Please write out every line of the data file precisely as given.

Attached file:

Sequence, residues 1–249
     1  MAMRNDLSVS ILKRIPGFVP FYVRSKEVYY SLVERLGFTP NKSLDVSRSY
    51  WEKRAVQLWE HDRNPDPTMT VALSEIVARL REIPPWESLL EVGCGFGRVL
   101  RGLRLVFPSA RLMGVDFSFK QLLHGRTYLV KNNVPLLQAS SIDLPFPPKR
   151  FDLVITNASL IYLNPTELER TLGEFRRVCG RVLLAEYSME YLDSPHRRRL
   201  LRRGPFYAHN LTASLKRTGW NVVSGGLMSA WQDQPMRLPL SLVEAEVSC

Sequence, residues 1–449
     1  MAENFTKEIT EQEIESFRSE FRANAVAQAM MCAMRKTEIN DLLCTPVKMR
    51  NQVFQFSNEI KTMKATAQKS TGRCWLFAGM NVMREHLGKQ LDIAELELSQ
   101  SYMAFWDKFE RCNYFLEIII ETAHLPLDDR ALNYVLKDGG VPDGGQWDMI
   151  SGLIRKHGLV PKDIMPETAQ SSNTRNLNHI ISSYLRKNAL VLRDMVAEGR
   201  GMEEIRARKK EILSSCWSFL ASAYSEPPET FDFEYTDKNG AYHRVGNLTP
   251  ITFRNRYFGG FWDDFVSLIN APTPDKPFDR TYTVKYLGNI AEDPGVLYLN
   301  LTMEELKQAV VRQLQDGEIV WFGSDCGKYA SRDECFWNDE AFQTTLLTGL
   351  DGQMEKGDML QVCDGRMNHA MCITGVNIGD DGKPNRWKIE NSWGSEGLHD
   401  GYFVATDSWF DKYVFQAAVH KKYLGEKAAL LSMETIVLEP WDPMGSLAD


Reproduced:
Sequence, residues 1–249
     1  MAMRNDLSVS ILKRIPGFVP FYVRSKEVYY SLVERLGFTP NKSLDVSRSY
    51  WEKRAVQLWE HDRNPDPTMT VALSEIVARL REIPPWESLL EVGCGFGRVL
   101  RGLRLVFPSA RLMGVDFSFK QLLHGRTYLV KNNVPLLQAS SIDLPFPPKR
   151  FDLVITNASL IYLNPTELER TLGEFRRVCG RVLLAEYSME YLDSPHRRRL
   201  LRRGPFYAHN LTASLKRTGW NVVSGGLMSA WQDQPMRLPL SLVEAEVSC

Sequence, residues 1–449
     1  MAENFTKEIT EQEIESFRSE FRANAVAQAM MCAMRKTEIN DLLCTPVKMR
    51  NQVFQFSNEI KTMKATAQKS TGRCWLFAGM NVMREHLGKQ LDIAELELSQ
   101  SYMAFWDKFE RCNYFLEIII ETAHLPLDDR ALNYVLKDGG VPDGGQWDMI
   151  SGLIRKHGLV PKDIMPETAQ SSNTRNLNHI ISSYLRKNAL VLRDMVAEGR
   201  GMEEIRARKK EILSSCWSFL ASAYSEPPET FDFEYTDKNG AYHRVGNLTP
   251  ITFRNRYFGG FWDDFVSLIN APTPDKPFDR TYTVKYLGNI AEDPGVLYLN
   301  LTMEELKQAV VRQLQDGEIV WFGSDCGKYA SRDECFWNDE AFQTTLLTGL
   351  DGQMEKGDML QVCDGRMNHA MCITGVNIGD DGKPNRWKIE NSWGSEGLHD
   401  GYFVATDSWF DKYVFQAAVH KKYLGEKAAL LSMETIVLEP WDPMGSLAD